The commonly used statement we seem to be hearing increasingly often these days, that “God loves everyone unconditionally,” is a little more complex than we’d like to assume. Is this statement really true? Yes. And, well, no…
The question of the validity of that statement is actually deceptively difficult. Some like to use the statement as a catch all, end all blanketing statement, but the Bible speaks of God’s love in several different ways. There are at least five (which are outlined in greater detail by D.A. Carson in his book “The Difficult Doctrine of the Love of God” and mentioned by Kevin DeYoung in a blog on the Gospel Coalition website):
1. God’s trinitarian love. The peculiar love of the Father for the Son, and of the Son for the Father. The love of the Son for the Spirit, the Spirit for the Father. Yes, it can be confusing. (Matthew 3:17, 17:5; Mark 1:11, 9:7; Luke 3:22; John 3:35, 5:20, 10:17, 14:31; 16:26-28; Colossians 1:13; 2nd Peter 1:17)
2. God’s providential love over all that He has made. (Genesis 1:1-31; Psalm 33:6; Matthew 6; John 1:3; 1st Corinthians 8:6; Colossians 1:16; Hebrews 1:2)
3. God’s salvific stance toward His fallen world. (Ezekiel 33:11; John 3:16, 15:19; Ephesians 2:1-10; Colossians 2:13-15; 1st John 2:2)
4. God’s particular, effective, selecting love toward His elect. (Deuteronomy 4:37, 7:7-8, 10:14-15; Malachi 1:2-3; Matthew 25:34; Romans 4:4-8, 8:28-39, 9:8-29; 1st Corinthians 7:17; 2nd Corinthians 5:14-21; Ephesians 1:4-19, 2:1-10, 5:25; Philippians 1:6; Colossians 1:21-22, 3:12; 2nd Thessalonians 1:11-12, 2:13-14; 2nd Timothy 1:8-10; Titus 3:3-8; Hebrews 12:2; 1st Peter 1:3-5)
5. God’s love toward His own people in a provisional way, conditioned upon obedience. (Exodus 20:6; Psalm 103:8-11, 13, 17-18; John 15:9-10; Ephesians 1:15-19, 2:8-22; 2nd Peter 1:12-25; Jude 1:21)
There are often ignored complexities and overlooked dangers of emphasizing one aspect of the love of God over the others.
First: If God’s love is defined exclusively by His intra-Trinitarian love, which is perfect and unblemished by sin, we won’t grasp the glory of God in loving rebels like us.
Second: If God’s love is nothing but His providential care over all things, we’ll struggle to see how the gospel is any good news at all because, after all, doesn’t He love everyone equally already?
Third: If God’s love is seen solely as His desire to save the world, we’ll end up with an emotionally charged God who doesn’t display the same sense of sovereignty and justice we see in the pages of Scripture.
Fourth: If God’s love is only understood as His electing love, we’ll too see easily say God hates all sorts of people, when that truth requires a good deal more nuance.
Fifth: If God’s love is bound up entirely in warnings like “keep yourselves in the love of God” (Jude 21), we’ll fall into legalism and lots of unwarranted self-doubt.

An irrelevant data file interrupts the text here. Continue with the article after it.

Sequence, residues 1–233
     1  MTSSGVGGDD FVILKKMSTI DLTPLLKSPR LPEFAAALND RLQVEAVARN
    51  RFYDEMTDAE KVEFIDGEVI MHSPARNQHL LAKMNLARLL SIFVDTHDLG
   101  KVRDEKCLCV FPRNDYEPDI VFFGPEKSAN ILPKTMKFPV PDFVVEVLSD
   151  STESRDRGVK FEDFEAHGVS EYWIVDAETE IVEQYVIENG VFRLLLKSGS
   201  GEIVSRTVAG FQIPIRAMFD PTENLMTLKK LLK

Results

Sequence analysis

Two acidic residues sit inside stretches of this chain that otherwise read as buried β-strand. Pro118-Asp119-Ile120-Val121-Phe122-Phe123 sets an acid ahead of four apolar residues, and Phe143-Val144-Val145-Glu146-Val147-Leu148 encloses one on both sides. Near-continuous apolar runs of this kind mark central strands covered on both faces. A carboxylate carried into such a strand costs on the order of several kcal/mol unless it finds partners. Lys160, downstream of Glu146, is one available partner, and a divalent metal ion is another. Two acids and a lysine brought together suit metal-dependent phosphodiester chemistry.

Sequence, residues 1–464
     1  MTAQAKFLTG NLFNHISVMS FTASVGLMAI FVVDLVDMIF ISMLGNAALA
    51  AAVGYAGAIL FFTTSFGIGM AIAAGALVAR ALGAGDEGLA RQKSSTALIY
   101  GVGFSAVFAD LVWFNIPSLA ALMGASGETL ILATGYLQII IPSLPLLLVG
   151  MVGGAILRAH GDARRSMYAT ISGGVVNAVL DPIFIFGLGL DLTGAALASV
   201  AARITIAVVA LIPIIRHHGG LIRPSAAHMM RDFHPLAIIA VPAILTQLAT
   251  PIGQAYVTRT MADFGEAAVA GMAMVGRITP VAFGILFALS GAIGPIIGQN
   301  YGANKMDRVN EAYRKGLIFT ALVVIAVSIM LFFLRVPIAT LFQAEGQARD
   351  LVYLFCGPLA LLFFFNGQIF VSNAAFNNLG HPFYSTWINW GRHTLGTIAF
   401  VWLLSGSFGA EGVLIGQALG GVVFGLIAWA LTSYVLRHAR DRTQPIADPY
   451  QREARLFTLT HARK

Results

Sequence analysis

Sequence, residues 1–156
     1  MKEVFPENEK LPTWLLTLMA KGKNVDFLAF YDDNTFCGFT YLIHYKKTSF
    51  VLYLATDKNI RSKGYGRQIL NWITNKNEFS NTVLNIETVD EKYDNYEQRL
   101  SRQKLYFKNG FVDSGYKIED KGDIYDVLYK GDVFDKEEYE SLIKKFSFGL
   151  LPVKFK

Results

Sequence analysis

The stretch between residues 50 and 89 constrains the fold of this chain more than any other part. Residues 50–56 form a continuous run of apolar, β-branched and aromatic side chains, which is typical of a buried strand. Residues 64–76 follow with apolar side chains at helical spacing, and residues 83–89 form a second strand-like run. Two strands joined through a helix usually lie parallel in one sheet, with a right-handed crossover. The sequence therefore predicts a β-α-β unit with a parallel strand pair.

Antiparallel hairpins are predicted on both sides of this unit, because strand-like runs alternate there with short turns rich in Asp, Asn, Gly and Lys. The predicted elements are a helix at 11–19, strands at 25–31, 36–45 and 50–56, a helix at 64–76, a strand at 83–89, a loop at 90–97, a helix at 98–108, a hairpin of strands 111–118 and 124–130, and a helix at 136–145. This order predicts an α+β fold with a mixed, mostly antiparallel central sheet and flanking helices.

Talking about God’s love sounds like a simple theological task, but it’s actually one of the trickiest. I’ve actually heard of people debating about whether their kids should be taught “Jesus loves me.” I know many more people and churches which so emphasize God’s all-encompassing love for everyone, everywhere and always, that it’s hard to figure out why anyone should bother to become a Christian. The fact is that God loves everyone and He doesn’t. He hates the world and He loves the world. He can’t possibly love His adopted children any more than He does, and He is profoundly grieved by our sin. (Seriously, can some of us stop pretending sin/idolatry [or whatever you want to call it] isn’t that big of a deal… how would we even begin to explain or understand the cross in any way that makes any sense at all if we ignore the seriousness of sin.) The challenge of good theology is to explain how the Bible provides warrant for all those statements and how they all fit together.
“Love may forgive all infirmities and love still in spite of them: but Love cannot cease to will their removal.” – C.S. Lewis, The Problem of Pain
In the process of trying to understand how someone could love, yet simultaneously have wrath or anger towards the one they loved, Becky Pippert puts it this way: “Think how we feel when we see someone we love ravaged by unwise actions or relationships. Do we respond with benign tolerance as we might toward strangers? Far from it… Anger isn’t the opposite of love. Hate is, and the final form of hate is indifference… E. H. Gifford once said, “Human love here offers a true analogy: the more a father loves his son, the more he hates in him the drunkard, the liar, the traitor” … So, if I, a flawed, narcissistic, sinful woman, can feel this much pain and anger over someone’s condition, how much more a morally perfect God who made them? God’s wrath is not a cranky explosion, but His settled opposition to the cancer of sin which is eating out the insides of the human race He loves with His whole being.” God paid the ultimate cost Himself to love us; He passionately loves us, and simultaneously He ferociously hates sin and the sin within us.
“We are far worse than we ever dared to imagine, yet in Christ, we are far more loved than we ever dreamed we could be.” It’s a beautiful “paradox.”
Any one truth about the love of God pressed to the exclusion of the others will make for a distorted deity and deadly discipleship. In short, we need all of what Scripture says on this subject, or the doctrinal, cultural, communal, and pastoral ramifications will prove to be disastrous.